Envisioning a Hindu temple in Tampa
At first the founders met in houses, forming a community and raising money. The temple they imagined wouldn’t just house statues, but would perform the necessary functions of spiritual life for its people. It would be an orthodox, ritualistic temple that would worship the gods seven days a week. While there is one god in Hinduism there are many manifestations thereof—such as Ganesha, the elephant-headed god of beginnings and wisdom; Vishnu, the god of truth; or Shiva, the dancing god of creation, maintenance and destruction.
Early planning stages
In 1989 the group purchased 15 acres of land on Lynn Road in Tampa. It came with a building that was temporarily used as a temple while plans were being finalized for its replacement. The goal was for a shell-based concrete material able to withstand Florida weather, but with authentic Indian carvings depicting the many manifestations of Hinduism. The raja gopuram, or main tower at the entrance of the temple, was to be 84 feet tall—the tallest Hindu temple in the United States, limited only by the runway needs of the nearby Tampa International Airport.
Indianization of the temple
In 1996 an Indian saint and leader of all Hindu monks traveled to Florida to perform the consecration ceremony according to Vedic tradition. A few years later in 2000, 15 Indian artisans were flown in from Southern India to cover the exterior walls with artwork. For six years they hand-carved the hundreds of figurines and statues that adorn the temple. In India, temples are made of stone or granite, but the craftsmen adjusted to the needs of the area and made their carvings in concrete. The result is an ornate, exotic house of worship rising above its ordinary neighborhood.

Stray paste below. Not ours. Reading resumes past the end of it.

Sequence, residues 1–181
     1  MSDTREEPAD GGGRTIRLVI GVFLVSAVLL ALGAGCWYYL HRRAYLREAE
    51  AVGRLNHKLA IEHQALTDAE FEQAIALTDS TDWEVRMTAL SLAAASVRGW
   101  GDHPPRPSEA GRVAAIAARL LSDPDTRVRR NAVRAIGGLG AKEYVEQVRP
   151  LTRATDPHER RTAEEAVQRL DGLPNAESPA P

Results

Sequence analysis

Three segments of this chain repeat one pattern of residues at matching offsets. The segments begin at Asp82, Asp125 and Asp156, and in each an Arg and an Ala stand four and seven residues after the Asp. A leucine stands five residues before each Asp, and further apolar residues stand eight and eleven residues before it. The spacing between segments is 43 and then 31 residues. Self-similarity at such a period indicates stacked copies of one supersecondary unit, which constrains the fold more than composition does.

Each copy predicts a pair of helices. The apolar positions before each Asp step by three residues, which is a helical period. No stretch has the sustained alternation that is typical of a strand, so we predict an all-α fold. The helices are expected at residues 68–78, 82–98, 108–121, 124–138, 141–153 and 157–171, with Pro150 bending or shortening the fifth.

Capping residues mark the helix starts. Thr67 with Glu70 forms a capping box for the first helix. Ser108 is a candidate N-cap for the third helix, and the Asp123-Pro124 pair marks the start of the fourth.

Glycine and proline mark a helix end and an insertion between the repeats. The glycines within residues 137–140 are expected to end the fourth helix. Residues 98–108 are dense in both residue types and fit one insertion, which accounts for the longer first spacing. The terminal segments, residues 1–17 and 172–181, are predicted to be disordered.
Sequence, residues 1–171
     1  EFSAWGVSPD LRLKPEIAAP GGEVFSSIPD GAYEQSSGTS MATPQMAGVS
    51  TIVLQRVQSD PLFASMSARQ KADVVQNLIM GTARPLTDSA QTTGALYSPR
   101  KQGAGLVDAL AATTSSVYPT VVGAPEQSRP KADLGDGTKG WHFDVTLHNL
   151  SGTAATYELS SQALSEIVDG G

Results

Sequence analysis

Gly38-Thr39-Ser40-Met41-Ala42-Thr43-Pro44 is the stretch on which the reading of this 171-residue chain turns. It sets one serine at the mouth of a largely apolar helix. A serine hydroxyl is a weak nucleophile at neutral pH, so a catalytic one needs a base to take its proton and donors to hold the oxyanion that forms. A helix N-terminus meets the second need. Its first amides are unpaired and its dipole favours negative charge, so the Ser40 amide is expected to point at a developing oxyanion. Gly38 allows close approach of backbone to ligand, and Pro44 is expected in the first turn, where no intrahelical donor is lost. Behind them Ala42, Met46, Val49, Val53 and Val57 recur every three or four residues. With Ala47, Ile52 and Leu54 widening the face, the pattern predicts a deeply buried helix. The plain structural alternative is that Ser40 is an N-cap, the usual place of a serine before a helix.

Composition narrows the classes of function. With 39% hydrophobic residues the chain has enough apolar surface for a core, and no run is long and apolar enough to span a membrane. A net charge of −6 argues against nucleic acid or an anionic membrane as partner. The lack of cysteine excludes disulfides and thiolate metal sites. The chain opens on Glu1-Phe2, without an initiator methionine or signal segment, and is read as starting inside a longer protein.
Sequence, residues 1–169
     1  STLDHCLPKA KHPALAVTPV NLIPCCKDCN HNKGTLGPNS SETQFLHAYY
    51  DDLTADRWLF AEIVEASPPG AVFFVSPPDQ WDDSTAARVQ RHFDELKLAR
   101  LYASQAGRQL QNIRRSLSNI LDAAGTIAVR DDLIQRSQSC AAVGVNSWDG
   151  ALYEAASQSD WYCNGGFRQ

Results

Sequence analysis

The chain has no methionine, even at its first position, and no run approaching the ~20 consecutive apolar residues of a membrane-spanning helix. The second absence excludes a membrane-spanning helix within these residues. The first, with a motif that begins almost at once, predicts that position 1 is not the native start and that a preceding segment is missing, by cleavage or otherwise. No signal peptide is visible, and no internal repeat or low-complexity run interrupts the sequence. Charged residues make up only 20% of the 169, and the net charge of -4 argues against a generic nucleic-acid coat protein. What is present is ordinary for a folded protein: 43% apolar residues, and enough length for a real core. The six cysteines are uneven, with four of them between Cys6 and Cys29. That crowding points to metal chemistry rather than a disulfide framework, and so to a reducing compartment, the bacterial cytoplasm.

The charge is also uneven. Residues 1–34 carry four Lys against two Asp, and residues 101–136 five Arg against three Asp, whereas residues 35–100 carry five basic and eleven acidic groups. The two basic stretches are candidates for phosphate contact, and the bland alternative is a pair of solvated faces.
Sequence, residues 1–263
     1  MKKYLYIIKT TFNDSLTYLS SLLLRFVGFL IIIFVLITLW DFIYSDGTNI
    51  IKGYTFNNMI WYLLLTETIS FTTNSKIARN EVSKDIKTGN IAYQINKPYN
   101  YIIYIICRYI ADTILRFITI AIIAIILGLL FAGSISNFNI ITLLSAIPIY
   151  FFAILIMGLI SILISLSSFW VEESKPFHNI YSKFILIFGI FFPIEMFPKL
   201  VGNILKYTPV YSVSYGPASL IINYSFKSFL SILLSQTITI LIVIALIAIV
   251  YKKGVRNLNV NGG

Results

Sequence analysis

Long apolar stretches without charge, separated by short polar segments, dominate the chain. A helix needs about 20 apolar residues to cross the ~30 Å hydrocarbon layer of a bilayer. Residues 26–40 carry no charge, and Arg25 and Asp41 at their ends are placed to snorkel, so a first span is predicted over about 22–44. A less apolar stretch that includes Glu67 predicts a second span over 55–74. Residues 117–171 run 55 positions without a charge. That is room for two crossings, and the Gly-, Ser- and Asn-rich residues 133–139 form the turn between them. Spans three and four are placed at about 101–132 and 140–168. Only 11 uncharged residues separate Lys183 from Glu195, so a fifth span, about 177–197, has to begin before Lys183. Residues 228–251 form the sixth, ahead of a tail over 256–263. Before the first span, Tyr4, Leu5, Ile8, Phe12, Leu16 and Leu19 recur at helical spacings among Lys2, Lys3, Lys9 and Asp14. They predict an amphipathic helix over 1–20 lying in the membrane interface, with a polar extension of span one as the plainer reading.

The temple has a full-service canteen serving traditional vegetarian food to members. They also provide many types of classes to families including Sunday school, art, music, and language, meant to instill a sense of cultural awareness in their children. The $7 million in debt incurred to build the temple has now been paid off, so the group is setting its sights on building a school.
Visit the Hindu Temple of Florida
The Hindu Temple of Florida is located just north of Tampa International Airport. The building was constructed between 1989 and 1996, and its ornate carvings were added from 2000 to 2006. It is the tallest Hindu Temple in the United States and offers tours on weekends, which can be scheduled on the temple’s website. Visits can be scheduled on the temple’s website, last an hour-and-a-half, and explain details of both the temple and the Hindu belief system. Modest clothing is suggested.